Cutting is the practice of making small cuts on a body part.  It is not suicidal behavior.  It is a way of focusing pain and suffering that you cannot deal with by injuring yourself.  It is as unhealthy mentally as it is physically, and it is very serious.  We talked about it for quite a while, and I asked her how this connected with faith.  Where is Jesus in this pain that you are trying to control?  She said that she knew that he died for her, and that maybe it is in the blood of the cross that he suffers with her.


Suddenly I was reminded of a friend who once made the distinction between a cross and a crucifix for me.  She said, "My Christ is alive!"  So, I asked this young girl what she thought about that.  I suggested that maybe, just maybe, she had not allowed the resurrection to happen in her own life.  I said, "Maybe Jesus remains on the cross for you.  Maybe it would help to begin thinking about Jesus as alive and that resurrection can happen in your life, too."


I wish I could tell you that it was a silver bullet.  To be honest, I'll never know.  I know that she continued to struggle, and I know that she continued to grow in faith.  I know she sought counseling from a professional therapist, and I know that her faith remains a fundamental part of her life.  We are still connected through the Holy Spirit, and Facebook.  She married her high school sweet heart.  I believe that she still worries about things, but I don't believe her worries own her the way they used to – at least not on most days.  In fact, there's even a picture on her Facebook page from a recent sky diving experience.


I believe that is the heart of today's message.  If God can take the Israelites out of slavery and isolation and move them into community… if God can take the church in Corinth and move them from condemnation to  commendation… if God can create a fertile earth out of the dust of the universe and whimsically paint flowers while intentionally filling our complex minds with thoughts and the ability to reason… if God can inspire us to tame the wind and send satellites into orbit… surely God can do more than we think or feel possible when we simply decide to trust in God's intention for our lives.


Seek ye first the Kingdom of God, but what is the Kingdom of God?  Just ask Isaiah.  He knows.  "Thus says the Lord: In a time of favor I have answered you, on a day of salvation I have helped you; I have kept you and given you as a covenant to the people, to establish the land, to apportion the desolate heritages; saying to the prisoners, 'Come out,' to those who are in darkness, 'Show yourselves.' They shall feed along the ways, on all the bare heights shall be their pasture; they shall not hunger or thirst, neither scorching wind nor sun shall strike them down, for he who has pity on them will lead them, and by springs of water will guide them."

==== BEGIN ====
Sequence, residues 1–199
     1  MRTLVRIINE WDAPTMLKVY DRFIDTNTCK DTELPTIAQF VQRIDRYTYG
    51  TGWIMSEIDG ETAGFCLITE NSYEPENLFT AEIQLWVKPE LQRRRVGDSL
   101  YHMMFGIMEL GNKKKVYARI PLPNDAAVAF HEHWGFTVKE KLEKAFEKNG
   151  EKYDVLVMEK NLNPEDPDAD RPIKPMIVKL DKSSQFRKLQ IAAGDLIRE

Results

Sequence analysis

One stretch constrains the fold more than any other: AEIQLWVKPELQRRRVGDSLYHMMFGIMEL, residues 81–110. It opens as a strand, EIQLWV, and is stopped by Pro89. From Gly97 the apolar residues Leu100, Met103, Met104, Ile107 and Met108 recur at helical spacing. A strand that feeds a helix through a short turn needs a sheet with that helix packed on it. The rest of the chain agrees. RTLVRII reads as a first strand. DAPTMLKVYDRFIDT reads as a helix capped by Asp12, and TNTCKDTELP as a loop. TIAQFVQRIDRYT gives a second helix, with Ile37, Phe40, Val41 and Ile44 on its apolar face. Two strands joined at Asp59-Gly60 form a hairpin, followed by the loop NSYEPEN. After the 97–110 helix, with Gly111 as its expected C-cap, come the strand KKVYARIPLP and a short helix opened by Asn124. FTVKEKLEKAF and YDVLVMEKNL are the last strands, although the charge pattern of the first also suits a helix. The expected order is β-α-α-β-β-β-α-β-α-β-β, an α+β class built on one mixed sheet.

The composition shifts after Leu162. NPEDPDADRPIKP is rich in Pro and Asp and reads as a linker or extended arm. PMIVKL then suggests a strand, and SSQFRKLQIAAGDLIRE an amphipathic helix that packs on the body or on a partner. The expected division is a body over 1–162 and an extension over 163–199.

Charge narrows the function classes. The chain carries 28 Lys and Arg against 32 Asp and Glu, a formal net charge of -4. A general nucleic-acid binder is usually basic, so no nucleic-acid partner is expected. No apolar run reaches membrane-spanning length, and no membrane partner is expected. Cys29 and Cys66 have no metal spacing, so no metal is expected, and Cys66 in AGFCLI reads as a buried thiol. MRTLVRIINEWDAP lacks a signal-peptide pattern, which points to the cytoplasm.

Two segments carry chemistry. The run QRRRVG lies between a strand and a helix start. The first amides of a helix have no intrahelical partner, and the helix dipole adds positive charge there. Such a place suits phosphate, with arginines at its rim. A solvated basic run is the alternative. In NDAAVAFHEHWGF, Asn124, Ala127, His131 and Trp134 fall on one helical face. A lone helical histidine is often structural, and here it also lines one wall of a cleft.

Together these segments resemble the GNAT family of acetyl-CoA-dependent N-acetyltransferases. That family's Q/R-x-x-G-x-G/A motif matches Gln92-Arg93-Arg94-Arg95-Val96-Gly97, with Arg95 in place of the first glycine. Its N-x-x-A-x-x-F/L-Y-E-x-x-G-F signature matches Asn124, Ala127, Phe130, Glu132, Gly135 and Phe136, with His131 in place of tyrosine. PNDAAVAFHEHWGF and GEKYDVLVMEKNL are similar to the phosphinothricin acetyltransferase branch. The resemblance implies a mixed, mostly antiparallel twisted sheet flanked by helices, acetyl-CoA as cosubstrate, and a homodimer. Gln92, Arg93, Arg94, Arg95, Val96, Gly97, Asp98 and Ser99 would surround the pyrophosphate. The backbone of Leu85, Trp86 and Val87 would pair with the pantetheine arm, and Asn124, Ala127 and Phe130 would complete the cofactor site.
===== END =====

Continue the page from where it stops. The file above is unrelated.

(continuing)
Where have you become imprisoned?  God is calling you and me to come out of the shadows and experience resurrection.  God will surely "bring to light the things now hidden in darkness and will disclose the purposes of the heart," but why wait?  Every one of us needs redemption, forgiveness, and resurrection every day of our lives. 


Most days we try our best to live like we are just fine or at least content to wait until judgment day for all of that resurrection stuff.  Right now we are in the midst of Mardi Gras season, and although I am an outsider – it's not hard to figure out what is going on here.  Over the next few days we will celebrate the uniqueness and the common unity we have as human beings.  We will celebrate the fact that we are limited, and many will do it by acting like they have no limitations.


That is essentially what Jesus means by saying that we cannot serve God and wealth at the same time.  He is saying, "Money can't buy you love."  God is telling us that we have been created, called, and ordered as a community to care for one another.  We have been given each other to experience the joy of what a friend recently called, "mutual submission."  We have been given to each other so that your needs may become my needs and mine yours.  In this way we realize that today's trouble is enough for today.  In this way we remember that God is both the Judge and the Redeemer and that judgment and redemption are active parts of our lives right here and now!


If we can do that, if we can trust in God's active presence, then we will probably find ourselves in a position to do the impossible – just like my young friend who moved from self mutilation to sky diving!  Her miracle was not over night, and it is very far from over.  But her miracle has become a reality through faith in Christ and the opportunity to respond to God's grace.  May it be the same with you.  May it be the same with me.  And to God be the glory, now and always. Amen!